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Comparative Study
, 15, 223

Lower Hamstring Extensibility in Men Compared to Women Is Explained by Differences in Stretch Tolerance

Comparative Study

Lower Hamstring Extensibility in Men Compared to Women Is Explained by Differences in Stretch Tolerance

Paul W M Marshall et al. BMC Musculoskelet Disord.


Background: This study examined whether passive hamstring tissue stiffness and/or stretch tolerance explain the relationship between sex and hamstring extensibility.

Methods: Ninety healthy participants, 45 men and 45 women (mean ± SD; age 24.6 ± 5.9 years, height 1.72 ± 0.09 m, weight 74.6 ± 14.1 kg) volunteered for this study. The instrumented straight leg raise was used to determine hamstring extensibility and allow measurement of stiffness and stretch tolerance (visual analog pain score, VAS).

Results: Hamstring extensibility was 9.9° greater in women compared to men (p = 0.003). VAS scores were 16 mm lower in women (p = 0.001). Maximal stiffness (maximal applied torque) was not different between men and women (p = 0.42). Passive stiffness (slope from 20-50° hip flexion) was 0.09 Nm.°(-1) lower in women (p = 0.025). For women, linear and stepwise regression showed that no predictor variables were associated with hamstring extensibility (adjusted r(2) = -0.03, p = 0.61). For men, 44% of the variance in hamstring extensibility was explained by VAS and maximal applied torque (adjusted r(2) = 0.44, p < 0.001), with 41% of the model accounted for by the relationship between higher VAS scores and lower extensibility (standardized β coefficient = -0.64, p < 0.001).

Conclusions: The results of this study suggest that stretch tolerance and not passive stiffness explains hamstring extensibility, but this relationship is only manifest in men.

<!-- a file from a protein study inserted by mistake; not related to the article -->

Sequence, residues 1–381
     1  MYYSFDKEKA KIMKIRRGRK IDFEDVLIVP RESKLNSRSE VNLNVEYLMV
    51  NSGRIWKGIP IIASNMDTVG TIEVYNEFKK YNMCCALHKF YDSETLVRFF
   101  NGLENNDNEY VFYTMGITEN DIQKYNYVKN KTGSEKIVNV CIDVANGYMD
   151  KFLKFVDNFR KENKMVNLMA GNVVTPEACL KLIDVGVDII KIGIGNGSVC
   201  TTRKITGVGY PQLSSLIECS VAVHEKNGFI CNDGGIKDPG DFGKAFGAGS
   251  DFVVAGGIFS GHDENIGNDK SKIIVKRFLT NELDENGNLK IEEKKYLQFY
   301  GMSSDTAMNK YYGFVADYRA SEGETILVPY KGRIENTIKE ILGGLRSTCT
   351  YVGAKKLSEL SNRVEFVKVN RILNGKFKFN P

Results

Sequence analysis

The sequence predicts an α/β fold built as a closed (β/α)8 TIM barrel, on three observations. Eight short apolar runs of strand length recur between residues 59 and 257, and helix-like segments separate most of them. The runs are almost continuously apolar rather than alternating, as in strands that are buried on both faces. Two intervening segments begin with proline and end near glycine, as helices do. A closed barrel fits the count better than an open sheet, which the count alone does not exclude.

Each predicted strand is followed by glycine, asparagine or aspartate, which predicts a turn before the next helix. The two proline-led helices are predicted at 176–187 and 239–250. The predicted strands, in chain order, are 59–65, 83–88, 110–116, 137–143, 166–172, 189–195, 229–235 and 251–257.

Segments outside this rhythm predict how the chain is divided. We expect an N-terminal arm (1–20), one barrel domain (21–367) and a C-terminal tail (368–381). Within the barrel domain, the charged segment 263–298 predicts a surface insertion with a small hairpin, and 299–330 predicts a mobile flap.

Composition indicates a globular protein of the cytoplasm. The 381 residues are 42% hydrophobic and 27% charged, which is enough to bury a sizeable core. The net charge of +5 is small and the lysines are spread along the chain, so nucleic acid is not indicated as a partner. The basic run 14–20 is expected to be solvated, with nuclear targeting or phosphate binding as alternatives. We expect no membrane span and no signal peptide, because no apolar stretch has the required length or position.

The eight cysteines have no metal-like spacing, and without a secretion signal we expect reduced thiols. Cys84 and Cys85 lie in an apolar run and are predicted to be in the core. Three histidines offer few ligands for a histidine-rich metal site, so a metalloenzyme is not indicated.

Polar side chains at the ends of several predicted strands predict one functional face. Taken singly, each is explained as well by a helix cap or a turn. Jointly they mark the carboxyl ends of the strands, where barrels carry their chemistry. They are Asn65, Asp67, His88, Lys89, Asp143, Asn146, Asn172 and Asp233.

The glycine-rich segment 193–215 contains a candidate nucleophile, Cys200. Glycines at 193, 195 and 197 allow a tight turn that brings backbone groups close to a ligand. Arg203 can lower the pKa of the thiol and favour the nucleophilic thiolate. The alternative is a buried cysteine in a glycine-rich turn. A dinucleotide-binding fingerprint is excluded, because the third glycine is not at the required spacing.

Figure 1
Figure 1
Representative results from a man and woman tested in this study for the torque measured during the instrumented straight leg raise test (iSLR). Passive tissue stiffness was measured as the slope (∆y/∆x) through the common range of motion (Megrad, 20-50°), and peak torque applied during the iSLR (Memax). Maximum leg excursion angle (leg°max) was used to represent hamstring extensibility in this study (male, 67°; female, 87°). Observe the lower Megrad, and greater leg°max for the female participant, but similar Memax. Note that VAS pain scores were 66 and 4 mm respectively for the male and female participant results presented here.
Figure 2
Figure 2
Relationship between hamstring extensibility (degrees; °) and visual analog pain scores (VAS; mm) for men (n = 45) and women (45) in this study. Trend lines are displayed for men and women, with a significant association between VAS and hamstring extensibility for men only (adjusted r2 = 0.41, standardized β coefficient = -0.64, p < 0.001).

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